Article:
Ken Whisenhunt

Kenneth Moore Whisenhunt (born February 28, 1962) is an American football coach who is the offensive coordinator for the Los Angeles Chargers of the National Football League (NFL). Whisenhunt was head coach of the Arizona Cardinals from 2007 to 2012 and Tennessee Titans from 2014 to 2015. He led the Cardinals to their first Super Bowl appearance in franchise history during the 2008 season, as well as their first home playoff games in 60 years. Previously, he was known for his offensive background, including the success he had with the Pittsburgh Steelers in his three years as their offensive coordinator under Bill Cowher and winning Super Bowl XL over the Seattle Seahawks during the 2005 season.

Ken Whisenhunt
refer to caption
Whisenhunt in 2014
Los Angeles Chargers
Position:Offensive coordinator
Personal information
Born:February 28, 1962 (age 57)
Augusta, Georgia
Height:6 ft 3 in (1.91 m)
Weight:233 lb (106 kg)
Career information
High school:Augusta (GA) Richmond Co.
College:Georgia Tech
NFL Draft:1985 / Round: 12 / Pick: 313
Career history
As player:
As coach:
Career highlights and awards
As assistant coach
  • Super Bowl champion (XL)
  • PFWA NFL Assistant Coach of the Year (2013)
Career NFL statistics
Receptions:62
Receiving yards:596
Touchdowns:5
Player stats at NFL.com
Head coaching record
Regular season:48–71 (.403)
Postseason:4–2 (.667)
Career:52–73 (.416)
Coaching stats at PFR

College career

After attending the Academy of Richmond County in Augusta, Georgia for high school, Whisenhunt played college football at Georgia Tech (1980–84)[1] where he graduated with a degree in civil engineering. During his senior season, he was an honorable mention All-American. He finished first team all-ACC during his final two college seasons.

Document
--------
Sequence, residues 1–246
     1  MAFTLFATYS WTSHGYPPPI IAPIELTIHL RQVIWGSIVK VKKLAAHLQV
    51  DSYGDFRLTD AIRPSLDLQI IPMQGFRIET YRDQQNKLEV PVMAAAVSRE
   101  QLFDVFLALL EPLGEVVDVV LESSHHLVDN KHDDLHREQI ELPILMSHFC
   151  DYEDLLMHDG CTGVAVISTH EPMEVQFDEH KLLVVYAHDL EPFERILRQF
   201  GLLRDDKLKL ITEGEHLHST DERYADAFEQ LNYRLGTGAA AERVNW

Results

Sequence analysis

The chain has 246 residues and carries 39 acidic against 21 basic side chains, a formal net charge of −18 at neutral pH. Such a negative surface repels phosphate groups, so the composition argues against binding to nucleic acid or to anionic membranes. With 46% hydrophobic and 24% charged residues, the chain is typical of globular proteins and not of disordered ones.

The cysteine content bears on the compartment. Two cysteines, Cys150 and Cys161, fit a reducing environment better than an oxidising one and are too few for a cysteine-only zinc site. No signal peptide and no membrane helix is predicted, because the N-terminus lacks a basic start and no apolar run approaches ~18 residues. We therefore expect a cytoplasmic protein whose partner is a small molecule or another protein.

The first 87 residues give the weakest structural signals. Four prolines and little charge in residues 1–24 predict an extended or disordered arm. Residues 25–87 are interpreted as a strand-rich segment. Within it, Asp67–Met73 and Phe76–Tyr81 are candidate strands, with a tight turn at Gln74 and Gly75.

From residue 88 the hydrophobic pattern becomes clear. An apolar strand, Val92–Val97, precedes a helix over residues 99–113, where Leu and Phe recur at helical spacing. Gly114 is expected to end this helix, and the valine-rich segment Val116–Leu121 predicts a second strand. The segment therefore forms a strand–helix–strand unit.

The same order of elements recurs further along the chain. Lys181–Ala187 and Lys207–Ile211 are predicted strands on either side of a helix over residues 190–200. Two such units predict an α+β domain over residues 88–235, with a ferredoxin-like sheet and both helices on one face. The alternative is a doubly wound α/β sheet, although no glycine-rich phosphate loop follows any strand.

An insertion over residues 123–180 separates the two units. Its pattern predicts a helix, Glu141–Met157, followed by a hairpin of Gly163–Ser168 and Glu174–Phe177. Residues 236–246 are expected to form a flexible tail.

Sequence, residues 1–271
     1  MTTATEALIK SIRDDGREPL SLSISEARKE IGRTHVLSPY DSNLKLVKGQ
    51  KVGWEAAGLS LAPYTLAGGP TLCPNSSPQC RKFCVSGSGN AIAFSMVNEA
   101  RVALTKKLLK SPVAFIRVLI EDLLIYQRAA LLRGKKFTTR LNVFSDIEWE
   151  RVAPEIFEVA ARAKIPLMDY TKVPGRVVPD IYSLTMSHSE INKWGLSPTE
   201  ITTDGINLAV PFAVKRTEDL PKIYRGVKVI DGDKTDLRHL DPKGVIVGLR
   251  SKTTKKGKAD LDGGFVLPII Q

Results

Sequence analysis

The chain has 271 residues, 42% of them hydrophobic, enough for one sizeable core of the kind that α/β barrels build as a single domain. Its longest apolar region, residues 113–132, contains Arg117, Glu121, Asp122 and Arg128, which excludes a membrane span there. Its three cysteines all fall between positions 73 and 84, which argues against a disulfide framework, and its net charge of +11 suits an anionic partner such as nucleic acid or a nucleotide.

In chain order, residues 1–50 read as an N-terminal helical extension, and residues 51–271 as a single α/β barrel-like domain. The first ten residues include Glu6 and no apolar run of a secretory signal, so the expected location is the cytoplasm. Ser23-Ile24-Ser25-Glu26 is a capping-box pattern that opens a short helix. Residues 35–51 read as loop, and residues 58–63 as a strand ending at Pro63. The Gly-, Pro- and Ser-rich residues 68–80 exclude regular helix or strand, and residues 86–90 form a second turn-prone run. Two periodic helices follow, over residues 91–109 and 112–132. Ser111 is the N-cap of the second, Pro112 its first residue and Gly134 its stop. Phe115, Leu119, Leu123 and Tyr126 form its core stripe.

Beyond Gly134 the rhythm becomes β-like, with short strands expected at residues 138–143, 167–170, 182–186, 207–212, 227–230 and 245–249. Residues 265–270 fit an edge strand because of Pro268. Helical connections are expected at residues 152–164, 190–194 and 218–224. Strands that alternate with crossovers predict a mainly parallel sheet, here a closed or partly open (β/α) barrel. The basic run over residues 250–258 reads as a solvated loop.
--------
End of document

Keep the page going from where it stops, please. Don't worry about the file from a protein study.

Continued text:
• 1981: 22 catches for 295 yards and 2 TD.[2]
  • 1982: 15 catches for 208 yards.
  • 1983: 18 catches for 244 yards and 2 TD.
  • 1984: 27 catches for 517 yards and 3 TD.

NFL playing career

His career as a player included four years (1985–88) as a tight end with the Atlanta Falcons, who drafted him in the twelfth round, and then short stints of two seasons each with the Washington Redskins and New York Jets. He retired from the league in 1993 after nine seasons in which he was mostly known as a blocking back. From 1986–1988 with Atlanta, he accumulated 53 catches for 503 yards with 5 TD.[3]

Coaching career

Early career

Whisenhunt began his coaching career at Vanderbilt University, where he coached special teams, tight ends and running backs for the Commodores from 1995 to 1996. In 1997, he returned to the National Football League as the tight ends coach for the Baltimore Ravens. Whisenhunt was a transient in his early years in the league, moving to the staff of the Cleveland Browns in 1999 and to the New York Jets the following season.

Pittsburgh Steelers

In 2001, Whisenhunt was hired by the Steelers to coach their tight ends. He was able to develop players such as Mark Bruener and Jay Riemersma, both considered past their prime, into excellent blocking backs. He also oversaw the early development of tight end Heath Miller, who has been a successful tight end in the league.

Whisenhunt took over the role of offensive coordinator in Pittsburgh for the 2004 season after Mike Mularkey became the head coach of the Buffalo Bills. Although his predecessor Mularkey was known for creating flashy trick plays, Whisenhunt showed great success as more of a cautious innovator, whose well-timed trick plays contrasted the conservative Steelers run game.

One of Whisenhunt's most famous moments as a Steeler is the trick play he called in Super Bowl XL. With Pittsburgh leading 14-10 over the Seattle Seahawks, Whisenhunt called a wide receiver reverse pass (Antwaan Randle El to Hines Ward, the only TD pass thrown by a WR in Super Bowl history) that allowed Pittsburgh to extend the lead over the Seahawks.

Arizona Cardinals

On January 14, 2007, the Arizona Cardinals hired Whisenhunt as their new head coach, with a contract to receive an average of $2.5 million annually. Whisenhunt had also interviewed for the head coaching position with the Pittsburgh Steelers, Atlanta Falcons, and Miami Dolphins. He was previously interviewed to be the head coach of the Oakland Raiders in February 2006, but he pulled out of talks before an offer could be made.[4]